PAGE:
Pedestrian and Bike Accidents

Pedestrian accidents and bike accidents pose a high risk of bone fractures. In these kinds of accidents, your body is unprotected as you are hit by a car. The force of the impact with the vehicle or the pavement can break bones.

Bicyclists can wear helmets to reduce the risk of a fractured skull. But pedestrians do not usually have head protection. They are at particular risk for head injuries such as a fractured skull or traumatic brain injury.

How Do Bones Break?

Bones usually break under two types of forces:

Traumatic Force

A traumatic force is a one-time event such as a fall, a falling object, or a collision. This kind of force can stress the bone beyond its breaking point and fracture it into at least two pieces.

Repetitive Stress

Over time, repeated motions can create tiny cracks in bones. These cracks can turn into fractures.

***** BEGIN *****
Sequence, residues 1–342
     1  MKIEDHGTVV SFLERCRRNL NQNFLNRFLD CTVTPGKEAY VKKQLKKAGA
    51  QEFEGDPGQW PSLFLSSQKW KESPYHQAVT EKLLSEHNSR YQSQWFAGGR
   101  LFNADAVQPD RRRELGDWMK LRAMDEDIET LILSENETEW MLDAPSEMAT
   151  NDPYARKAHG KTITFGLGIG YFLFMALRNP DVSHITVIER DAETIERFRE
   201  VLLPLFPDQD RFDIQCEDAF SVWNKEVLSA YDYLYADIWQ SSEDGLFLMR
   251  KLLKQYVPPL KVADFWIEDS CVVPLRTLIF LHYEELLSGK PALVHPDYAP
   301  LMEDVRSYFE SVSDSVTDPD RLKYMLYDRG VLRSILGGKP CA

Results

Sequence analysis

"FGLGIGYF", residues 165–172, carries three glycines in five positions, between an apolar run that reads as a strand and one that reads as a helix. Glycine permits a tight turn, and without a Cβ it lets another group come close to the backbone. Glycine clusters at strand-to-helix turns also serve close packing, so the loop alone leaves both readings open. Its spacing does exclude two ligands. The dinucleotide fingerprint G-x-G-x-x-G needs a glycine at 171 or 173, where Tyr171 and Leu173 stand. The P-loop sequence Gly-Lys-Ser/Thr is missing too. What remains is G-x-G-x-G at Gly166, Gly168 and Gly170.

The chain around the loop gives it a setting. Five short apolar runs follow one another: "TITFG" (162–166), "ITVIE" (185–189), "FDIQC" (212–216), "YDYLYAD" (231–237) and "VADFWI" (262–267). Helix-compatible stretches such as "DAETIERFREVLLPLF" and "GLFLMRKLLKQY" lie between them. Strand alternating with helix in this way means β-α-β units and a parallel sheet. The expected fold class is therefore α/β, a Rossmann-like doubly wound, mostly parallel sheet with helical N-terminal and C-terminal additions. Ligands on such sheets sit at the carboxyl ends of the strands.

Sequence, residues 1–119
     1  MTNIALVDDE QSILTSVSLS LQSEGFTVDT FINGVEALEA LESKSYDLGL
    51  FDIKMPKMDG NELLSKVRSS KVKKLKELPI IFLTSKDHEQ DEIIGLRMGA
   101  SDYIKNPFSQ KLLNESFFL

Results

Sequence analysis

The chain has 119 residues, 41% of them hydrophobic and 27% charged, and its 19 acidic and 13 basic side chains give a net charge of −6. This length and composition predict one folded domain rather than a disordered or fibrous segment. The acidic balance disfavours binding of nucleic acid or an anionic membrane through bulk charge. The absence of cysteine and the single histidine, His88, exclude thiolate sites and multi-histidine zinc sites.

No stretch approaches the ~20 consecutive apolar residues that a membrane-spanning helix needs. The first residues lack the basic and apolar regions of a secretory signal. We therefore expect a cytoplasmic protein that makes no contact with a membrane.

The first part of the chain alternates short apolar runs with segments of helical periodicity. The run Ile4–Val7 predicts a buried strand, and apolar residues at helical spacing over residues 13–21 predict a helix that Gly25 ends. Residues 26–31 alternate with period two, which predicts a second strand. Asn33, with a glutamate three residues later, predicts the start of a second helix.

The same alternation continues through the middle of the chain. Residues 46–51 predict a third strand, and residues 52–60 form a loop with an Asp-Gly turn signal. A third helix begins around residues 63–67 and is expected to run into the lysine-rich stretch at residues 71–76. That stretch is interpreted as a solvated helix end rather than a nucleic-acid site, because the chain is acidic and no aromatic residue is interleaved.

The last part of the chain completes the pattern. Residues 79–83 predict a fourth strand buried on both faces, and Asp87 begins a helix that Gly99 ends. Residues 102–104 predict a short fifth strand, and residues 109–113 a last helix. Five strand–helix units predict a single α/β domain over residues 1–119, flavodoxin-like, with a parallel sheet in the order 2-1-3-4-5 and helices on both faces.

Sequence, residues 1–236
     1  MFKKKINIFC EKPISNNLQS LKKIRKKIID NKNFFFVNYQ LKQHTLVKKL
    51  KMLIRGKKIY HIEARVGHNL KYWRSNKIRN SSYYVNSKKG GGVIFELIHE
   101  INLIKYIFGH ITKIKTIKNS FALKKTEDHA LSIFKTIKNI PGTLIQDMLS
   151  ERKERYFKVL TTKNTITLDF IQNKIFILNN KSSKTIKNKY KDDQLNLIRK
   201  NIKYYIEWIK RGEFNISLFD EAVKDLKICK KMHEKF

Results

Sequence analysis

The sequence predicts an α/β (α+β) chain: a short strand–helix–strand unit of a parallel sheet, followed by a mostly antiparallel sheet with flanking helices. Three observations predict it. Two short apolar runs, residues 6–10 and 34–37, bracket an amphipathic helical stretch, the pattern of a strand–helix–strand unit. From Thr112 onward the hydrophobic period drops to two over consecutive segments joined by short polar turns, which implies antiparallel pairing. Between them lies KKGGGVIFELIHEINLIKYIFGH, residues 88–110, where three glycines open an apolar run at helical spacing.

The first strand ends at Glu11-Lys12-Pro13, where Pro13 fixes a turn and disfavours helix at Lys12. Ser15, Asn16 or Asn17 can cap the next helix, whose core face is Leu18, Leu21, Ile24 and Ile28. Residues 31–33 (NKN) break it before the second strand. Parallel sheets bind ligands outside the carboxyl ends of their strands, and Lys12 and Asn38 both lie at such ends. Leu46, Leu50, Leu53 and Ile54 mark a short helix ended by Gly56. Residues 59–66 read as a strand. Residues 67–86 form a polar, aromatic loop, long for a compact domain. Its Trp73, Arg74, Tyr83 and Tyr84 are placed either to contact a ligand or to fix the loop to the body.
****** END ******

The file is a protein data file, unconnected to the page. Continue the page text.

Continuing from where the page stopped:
The symptoms of stress fractures include pain and swelling that occur during activity but go away after rest. Although stress fractures can happen anywhere, most of these injuries occur in the lower legs and feet due to the stress of walking, running, carrying, lifting, or standing.

How Are Fractures Treated?

Treatment for fractures usually includes immobilization of the broken bone in a cast, splint, or walking boot. This holds the bone in place and allows the broken ends to heal into a single piece.

Injured individuals will need to minimize the stress on the broken bone so that the pieces do not move out of position. Doctors might prescribe rest followed by a period of light duty while the bone heals.

In about half of the cases that occur, patients require surgery or hospitalization for the bone to be repaired. Compound fractures, for example, break the skin after the bone breaks. In some cases, a doctor may perform surgery to repair the tissue torn by the break.

If the bone shatters into multiple pieces, doctors will often operate to fuse the pieces with screws and plates. Doctors may even need to transplant a bone graft from another location in the body or a bone donor to replace missing or damaged bone.

Long-Term Effects of Fractures and Joint Injuries